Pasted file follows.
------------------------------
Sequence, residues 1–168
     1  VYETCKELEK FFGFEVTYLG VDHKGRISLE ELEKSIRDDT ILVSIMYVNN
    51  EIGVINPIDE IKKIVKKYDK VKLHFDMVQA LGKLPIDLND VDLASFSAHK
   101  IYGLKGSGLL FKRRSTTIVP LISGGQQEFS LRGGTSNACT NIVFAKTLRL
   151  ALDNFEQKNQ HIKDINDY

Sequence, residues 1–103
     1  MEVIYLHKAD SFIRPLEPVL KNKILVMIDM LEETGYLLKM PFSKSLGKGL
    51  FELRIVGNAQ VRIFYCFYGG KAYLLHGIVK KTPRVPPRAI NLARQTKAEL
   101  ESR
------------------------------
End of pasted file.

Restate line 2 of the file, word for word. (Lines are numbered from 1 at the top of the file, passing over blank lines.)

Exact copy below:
     1  VYETCKELEK FFGFEVTYLG VDHKGRISLE ELEKSIRDDT ILVSIMYVNN